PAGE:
The story is well written, interesting and has a pretty complex plot. What it also has is a lot of coincidence. Stubblefield doesn’t go looking for Sweeps, she finds him. And the schoolteacher, the one who finally sends him in the right direction, seems to drop in out the clear blue sky. The Greeks had a phrase for this, deus ex machina. Something modern writers are supposed to avoid. Would that Mr. Reddall had done so.
In short, I wish Mr. Reddall had been able to let Stubblefield do more of his own work.
Thursday, March 10, 2005
FMAM, We Hardly Knew YePlus ça change, plus la méme chose.
The quote above, recalled from high-school French class, was brought to mind recently by the announcement that Babs Lakey's Futures Mysterious Anthology Magazine was no more. Of course we had known that for some months now, but there had been the promise of one last gargantuan issue publishing all the stories they had in their inventory. Late last week Babs announced that even that issue was not to be. Thus one more paying market for short stories is now sleeping under a dirt blanket.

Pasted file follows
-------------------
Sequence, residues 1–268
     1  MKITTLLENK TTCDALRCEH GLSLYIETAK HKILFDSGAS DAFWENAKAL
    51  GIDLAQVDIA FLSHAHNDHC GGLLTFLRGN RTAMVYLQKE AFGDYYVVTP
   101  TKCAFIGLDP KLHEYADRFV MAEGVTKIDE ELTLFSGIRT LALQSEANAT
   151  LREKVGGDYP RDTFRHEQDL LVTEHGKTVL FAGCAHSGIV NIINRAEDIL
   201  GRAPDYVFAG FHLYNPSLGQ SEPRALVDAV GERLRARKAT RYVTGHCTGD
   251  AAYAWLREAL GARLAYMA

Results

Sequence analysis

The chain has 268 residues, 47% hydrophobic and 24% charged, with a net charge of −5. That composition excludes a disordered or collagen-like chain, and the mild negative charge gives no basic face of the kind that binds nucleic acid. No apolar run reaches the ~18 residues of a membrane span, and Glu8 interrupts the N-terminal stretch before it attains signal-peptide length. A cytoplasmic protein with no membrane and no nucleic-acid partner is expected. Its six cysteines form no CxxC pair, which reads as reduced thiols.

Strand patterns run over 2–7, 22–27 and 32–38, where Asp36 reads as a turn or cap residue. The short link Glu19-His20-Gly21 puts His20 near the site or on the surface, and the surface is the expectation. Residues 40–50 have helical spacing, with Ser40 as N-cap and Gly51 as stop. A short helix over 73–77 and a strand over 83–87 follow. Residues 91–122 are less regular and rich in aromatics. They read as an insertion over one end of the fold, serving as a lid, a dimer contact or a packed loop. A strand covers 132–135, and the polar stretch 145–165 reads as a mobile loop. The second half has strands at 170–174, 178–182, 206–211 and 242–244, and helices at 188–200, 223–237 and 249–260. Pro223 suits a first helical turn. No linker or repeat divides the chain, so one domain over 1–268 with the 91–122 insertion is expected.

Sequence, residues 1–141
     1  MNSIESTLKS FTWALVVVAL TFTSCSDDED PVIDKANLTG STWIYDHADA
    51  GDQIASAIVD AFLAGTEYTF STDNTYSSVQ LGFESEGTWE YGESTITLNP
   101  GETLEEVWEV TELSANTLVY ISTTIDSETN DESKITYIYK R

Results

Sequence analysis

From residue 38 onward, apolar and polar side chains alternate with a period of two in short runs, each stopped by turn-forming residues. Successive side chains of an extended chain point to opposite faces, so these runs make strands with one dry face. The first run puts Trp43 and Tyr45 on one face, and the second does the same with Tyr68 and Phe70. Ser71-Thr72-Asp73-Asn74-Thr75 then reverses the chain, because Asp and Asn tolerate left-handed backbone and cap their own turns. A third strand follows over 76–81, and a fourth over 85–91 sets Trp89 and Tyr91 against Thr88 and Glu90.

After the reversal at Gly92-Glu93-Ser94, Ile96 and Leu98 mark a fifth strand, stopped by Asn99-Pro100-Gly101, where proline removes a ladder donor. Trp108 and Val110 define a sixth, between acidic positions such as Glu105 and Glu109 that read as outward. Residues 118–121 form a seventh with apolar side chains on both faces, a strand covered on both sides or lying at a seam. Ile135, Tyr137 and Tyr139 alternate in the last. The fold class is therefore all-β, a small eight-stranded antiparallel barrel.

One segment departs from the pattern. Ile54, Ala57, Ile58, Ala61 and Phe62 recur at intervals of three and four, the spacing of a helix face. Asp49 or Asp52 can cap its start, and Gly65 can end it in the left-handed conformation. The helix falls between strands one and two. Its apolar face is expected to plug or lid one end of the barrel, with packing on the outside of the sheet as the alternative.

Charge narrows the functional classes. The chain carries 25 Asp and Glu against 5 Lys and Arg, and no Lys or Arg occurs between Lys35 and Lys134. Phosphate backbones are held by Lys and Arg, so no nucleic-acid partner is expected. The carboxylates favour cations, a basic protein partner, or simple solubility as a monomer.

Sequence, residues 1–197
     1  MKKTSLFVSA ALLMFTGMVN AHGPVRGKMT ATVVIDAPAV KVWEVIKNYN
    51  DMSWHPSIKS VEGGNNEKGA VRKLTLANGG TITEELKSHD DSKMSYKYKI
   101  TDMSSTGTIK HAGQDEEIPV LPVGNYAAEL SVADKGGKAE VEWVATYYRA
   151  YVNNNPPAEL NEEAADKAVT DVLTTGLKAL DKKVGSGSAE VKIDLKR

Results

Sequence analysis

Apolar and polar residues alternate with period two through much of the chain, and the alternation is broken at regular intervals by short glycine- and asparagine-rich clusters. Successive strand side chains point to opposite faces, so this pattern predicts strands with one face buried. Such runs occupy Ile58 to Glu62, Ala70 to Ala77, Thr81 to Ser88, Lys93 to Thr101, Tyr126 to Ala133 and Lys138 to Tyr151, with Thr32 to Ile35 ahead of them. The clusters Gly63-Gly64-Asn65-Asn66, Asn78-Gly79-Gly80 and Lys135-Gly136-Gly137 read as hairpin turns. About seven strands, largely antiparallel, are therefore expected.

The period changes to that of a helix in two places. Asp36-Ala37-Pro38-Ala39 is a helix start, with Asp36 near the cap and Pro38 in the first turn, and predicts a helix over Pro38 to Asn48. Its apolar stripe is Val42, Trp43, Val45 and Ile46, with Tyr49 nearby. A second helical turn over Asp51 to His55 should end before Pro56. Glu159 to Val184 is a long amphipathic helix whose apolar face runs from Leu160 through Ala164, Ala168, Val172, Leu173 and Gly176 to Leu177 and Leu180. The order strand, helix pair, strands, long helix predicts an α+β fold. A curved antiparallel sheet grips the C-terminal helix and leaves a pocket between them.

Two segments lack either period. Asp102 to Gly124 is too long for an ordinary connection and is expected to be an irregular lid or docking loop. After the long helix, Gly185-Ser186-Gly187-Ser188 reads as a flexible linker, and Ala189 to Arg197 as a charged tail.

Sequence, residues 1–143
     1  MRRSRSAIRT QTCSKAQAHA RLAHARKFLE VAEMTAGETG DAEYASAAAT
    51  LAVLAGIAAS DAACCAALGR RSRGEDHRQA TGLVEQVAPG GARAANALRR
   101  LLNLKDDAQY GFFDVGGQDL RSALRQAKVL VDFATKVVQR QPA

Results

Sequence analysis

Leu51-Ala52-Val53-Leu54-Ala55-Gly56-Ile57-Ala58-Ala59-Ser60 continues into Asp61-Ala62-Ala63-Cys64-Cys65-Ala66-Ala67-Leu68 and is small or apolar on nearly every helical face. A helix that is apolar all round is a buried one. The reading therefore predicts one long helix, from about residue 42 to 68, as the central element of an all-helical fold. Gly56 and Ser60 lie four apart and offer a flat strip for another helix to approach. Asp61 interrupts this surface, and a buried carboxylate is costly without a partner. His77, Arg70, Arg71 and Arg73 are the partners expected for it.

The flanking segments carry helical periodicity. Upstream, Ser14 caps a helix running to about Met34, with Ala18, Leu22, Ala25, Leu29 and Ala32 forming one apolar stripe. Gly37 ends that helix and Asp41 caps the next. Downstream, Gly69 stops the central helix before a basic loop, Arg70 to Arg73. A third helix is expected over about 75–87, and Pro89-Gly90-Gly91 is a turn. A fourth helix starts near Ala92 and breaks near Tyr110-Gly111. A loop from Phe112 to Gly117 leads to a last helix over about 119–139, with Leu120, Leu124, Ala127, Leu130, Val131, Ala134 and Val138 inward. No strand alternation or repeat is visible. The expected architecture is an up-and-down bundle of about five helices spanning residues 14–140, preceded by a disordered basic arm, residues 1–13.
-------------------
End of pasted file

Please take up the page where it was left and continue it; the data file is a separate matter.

Such things are to be expected. Even during the heyday of magazine publishing (whenever that was) putting out a print zine was an iffy proposition. There is a long list of people who want money: editors, office staff, typesetters, printers, paper suppliers, truckers, ink suppliers, photographers, artists, office rent, office supplies, telephone bills, the United States Post Office. Let’s see, did I forget anyone? Oh, yeah! The writers.
If you’re just starting up, there is a long period of time when you are laying out money without much, if any, coming in. Of course you have the advertisers, but because it is a startup there aren’t many, and they don’t have to pay much.